Everyday we encounter many unpredictable and seemingly random events, structures and processes. Most of it takes place in the world surrounding us: the shape of clouds, the snow on your TV-screen, the pattern of raindrops on the pavement, or next week’s weather. Because of the many factors that influence processes in nature, natural elements often show jittery shapes and small differences between them.
The opposite seems to be the case with human beings: people are not good at acting completely unpredictably. And why would they? Random behaviour is good for nothing. Our whole life we learn to use rules and strategies; that’s a specialty of humans.
Playing games is no exception. We follow the rules and train ourselves in thinking strategically to become as good at the game as possible. OutRandom is a game that turns the situation around: the only task for players is to push the buttons in an order that’s as unpredictable as possible.
The player with the most random behaviour wins the game.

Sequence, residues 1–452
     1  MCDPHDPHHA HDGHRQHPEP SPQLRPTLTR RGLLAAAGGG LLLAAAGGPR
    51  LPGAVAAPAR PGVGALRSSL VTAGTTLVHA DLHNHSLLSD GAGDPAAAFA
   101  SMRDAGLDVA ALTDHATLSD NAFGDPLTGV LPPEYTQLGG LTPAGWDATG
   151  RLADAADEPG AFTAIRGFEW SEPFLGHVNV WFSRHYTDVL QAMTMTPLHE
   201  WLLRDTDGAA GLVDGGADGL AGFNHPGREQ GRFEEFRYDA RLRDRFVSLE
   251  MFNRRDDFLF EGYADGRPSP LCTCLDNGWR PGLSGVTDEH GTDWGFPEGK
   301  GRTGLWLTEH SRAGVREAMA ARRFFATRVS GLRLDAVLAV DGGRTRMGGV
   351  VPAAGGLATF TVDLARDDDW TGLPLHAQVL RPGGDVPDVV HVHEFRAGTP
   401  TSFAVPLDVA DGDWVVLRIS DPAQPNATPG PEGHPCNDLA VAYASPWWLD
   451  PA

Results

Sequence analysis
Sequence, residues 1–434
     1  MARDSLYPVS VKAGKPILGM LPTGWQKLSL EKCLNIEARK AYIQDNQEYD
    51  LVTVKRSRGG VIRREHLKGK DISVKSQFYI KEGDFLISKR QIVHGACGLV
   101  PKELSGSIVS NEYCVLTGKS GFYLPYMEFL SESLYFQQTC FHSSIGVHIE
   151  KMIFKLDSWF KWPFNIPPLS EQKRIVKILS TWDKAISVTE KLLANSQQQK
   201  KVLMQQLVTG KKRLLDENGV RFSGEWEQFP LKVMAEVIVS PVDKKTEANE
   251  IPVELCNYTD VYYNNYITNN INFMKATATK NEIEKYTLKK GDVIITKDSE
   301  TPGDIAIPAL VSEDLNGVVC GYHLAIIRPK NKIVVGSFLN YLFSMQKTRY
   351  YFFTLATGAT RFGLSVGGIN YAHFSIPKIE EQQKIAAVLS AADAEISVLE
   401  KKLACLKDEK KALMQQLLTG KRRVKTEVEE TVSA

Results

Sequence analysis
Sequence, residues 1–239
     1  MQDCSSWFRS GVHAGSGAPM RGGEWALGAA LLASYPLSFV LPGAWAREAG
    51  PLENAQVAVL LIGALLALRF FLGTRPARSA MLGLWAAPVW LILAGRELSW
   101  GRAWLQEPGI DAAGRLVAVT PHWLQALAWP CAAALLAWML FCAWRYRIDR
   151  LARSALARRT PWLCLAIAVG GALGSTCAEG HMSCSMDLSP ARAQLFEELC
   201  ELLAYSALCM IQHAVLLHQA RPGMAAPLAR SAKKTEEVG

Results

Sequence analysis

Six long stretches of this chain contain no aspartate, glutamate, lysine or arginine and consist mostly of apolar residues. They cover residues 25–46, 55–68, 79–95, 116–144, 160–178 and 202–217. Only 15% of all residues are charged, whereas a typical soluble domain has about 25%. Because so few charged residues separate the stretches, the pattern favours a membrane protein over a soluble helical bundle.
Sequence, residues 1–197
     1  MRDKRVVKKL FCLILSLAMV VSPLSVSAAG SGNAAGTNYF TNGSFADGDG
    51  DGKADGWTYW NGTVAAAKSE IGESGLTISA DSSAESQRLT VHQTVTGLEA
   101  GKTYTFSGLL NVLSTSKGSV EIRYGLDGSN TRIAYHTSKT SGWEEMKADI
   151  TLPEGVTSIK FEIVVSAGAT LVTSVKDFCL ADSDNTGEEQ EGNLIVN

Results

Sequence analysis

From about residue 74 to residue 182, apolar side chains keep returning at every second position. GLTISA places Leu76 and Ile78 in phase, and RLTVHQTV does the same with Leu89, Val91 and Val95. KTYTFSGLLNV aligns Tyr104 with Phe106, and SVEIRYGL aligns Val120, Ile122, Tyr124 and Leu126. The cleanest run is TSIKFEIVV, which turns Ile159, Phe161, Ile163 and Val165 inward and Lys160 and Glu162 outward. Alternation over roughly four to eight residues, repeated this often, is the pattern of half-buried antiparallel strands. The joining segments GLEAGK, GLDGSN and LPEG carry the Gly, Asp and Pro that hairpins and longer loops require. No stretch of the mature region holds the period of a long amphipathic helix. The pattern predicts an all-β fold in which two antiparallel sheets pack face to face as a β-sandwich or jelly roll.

The game is played simultaneously by maximally three players on a wooden ‘arcade' style machine, and is controlled with two push-buttons per player. A computer program analyses the randomness of the bit sequence generated by each player, using statistical analysis methods. In the game a player's randomness score is transferred to creatures who fight each other on a large projected screen.
OutRandom shows that acting randomly is a skill that people can train and that’s very suitable for competition. It challenges the players to think of diverse strategies for solving the task of being random.
OutRandom was exhibited as part of the Discovery 07 Festival in Amsterdam, organised by the Netherlands Organisation for Scientific Research (NWO). Also it featured on the Off-Corso "Crossmedia Storytelling: Messing with the Narrative" event in Rotterdam (2008).
OutRandom was exhibited at the Friday Night programme of the Van Gogh museum on (March 2010)